Where does my piano tuition go? What do I pay for with piano lessons? Adapted from Wendy Stevens www.composecreate.com
Congratulations on choosing to participate in music lessons! Music has been found to enrich the lives of all who participate in its creation or in its enjoyment. When you choose to take music lessons, you are choosing to learn a skill that will benefit you and bring you joy your entire life! No price can be put on such a beautiful art as music. Yet, obtaining the skill will certainly require assistance from a professional—your music teacher.
Your teacher has chosen to make music his/her business and occupation. As with any business, costs are calculated to both ensure that the highest quality product is given and that the business makes enough profit to continue providing services.
What does my tuition cover?
All independent music teachers differ in methods of operation. However, the tuition of nearly all teachers covers the following:
- Time spent with the student
- Lessons, performance classes, group lessons
- Time spent in preparation for the student
- Music research
- Lesson planning
- Development of curriculum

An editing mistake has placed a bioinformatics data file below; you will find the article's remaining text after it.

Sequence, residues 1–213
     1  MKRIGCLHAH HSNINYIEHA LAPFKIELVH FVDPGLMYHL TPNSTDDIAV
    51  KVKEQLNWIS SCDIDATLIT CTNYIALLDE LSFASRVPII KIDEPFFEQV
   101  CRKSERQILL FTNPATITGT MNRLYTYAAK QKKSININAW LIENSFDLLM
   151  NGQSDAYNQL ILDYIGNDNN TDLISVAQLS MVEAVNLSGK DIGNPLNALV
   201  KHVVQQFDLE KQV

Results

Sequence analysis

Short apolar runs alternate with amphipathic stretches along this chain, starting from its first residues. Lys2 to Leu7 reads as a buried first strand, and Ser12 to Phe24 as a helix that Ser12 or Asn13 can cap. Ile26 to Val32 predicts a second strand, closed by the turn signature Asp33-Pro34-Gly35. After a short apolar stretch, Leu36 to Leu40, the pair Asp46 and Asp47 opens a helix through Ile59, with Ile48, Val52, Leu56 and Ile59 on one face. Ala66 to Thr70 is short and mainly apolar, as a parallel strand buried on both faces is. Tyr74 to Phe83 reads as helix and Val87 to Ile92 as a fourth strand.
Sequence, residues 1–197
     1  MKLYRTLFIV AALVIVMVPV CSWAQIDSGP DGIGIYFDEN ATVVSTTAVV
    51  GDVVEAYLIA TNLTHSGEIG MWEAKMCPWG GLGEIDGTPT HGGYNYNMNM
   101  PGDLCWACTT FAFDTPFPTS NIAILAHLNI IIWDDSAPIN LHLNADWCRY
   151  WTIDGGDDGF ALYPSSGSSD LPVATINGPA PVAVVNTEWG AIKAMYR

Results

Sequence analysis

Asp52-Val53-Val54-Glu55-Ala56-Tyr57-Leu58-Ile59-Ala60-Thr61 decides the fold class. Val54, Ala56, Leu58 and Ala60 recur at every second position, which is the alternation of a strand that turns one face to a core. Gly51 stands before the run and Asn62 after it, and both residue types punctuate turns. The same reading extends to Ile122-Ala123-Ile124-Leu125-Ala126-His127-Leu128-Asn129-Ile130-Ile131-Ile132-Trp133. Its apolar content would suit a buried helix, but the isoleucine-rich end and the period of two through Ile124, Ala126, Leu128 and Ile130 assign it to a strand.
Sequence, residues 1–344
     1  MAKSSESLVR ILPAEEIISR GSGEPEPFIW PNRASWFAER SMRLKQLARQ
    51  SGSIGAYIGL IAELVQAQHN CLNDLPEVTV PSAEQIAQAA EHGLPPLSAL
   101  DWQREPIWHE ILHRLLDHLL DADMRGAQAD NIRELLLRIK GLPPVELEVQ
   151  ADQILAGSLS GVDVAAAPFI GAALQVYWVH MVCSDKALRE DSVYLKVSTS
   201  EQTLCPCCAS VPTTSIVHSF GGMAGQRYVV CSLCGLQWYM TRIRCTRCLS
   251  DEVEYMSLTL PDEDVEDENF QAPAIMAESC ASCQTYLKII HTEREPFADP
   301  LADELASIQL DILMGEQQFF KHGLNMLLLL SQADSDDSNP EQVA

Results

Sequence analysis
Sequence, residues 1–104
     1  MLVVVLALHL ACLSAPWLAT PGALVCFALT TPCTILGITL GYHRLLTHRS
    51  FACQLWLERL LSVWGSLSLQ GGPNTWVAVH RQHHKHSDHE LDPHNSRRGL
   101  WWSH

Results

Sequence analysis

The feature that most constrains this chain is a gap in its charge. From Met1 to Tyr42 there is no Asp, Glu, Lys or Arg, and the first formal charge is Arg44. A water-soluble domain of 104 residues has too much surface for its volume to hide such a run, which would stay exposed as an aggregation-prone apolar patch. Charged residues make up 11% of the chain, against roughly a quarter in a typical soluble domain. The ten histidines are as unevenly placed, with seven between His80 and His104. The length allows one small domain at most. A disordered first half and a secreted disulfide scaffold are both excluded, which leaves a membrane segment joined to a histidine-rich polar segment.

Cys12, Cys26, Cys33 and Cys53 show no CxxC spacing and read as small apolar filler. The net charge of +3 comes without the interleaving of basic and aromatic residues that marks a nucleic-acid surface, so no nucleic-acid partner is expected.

It has been cited by professional music journals that for every hour enrolled in piano lessons, you are investing in at least 2 hours of the teacher’s time.
- Your teacher’s training and experience
- Recital costs and preparations
- Programs, refreshments, facility rental
- Professional organization memberships--Memberships are maintained by the teacher to enhance his/her teaching skills and provide the student with opportunities for festivals, competitions, and performance events
- Professional journals--Publications to assist the teacher in keeping current on new teaching materials and trends
- Studio expenses: Studio fees, copying, computer software
- Student incentive programs, instruments, tunings, repairs, newsletters.
- Music books and CD’s
- Materials purchased by the teacher to use for research or lend to students
- Self-employment taxes, insurance, retirement--The independent music teacher has no corporation to assist in providing health and life insurance or any retirement benefits. He or she also pays both the employer and employee portions of social security taxes. Tuition helps cover the increased living and business costs of your teacher.
- Continuing education
- Lessons and classes that keep the teacher current on methods and techniques
- Certification costs--Independent music teachers pay to be recertified every five years provided they have met continuing education and studio requirements.
How do I know if music lessons are worth the price?
Shop around! Not every teacher is right for every student. You will want to be sure that your music teacher provides opportunities and insights that are important to you as well as being important to your child’s musical development.
Start by interviewing several music teachers to learn more about their:
- Goals and Expectations
- Philosophies of music education
- Teaching experience
- Studio Policy
- Performance opportunities
- Above all, find out how they demonstrate commitment to excellence in music education.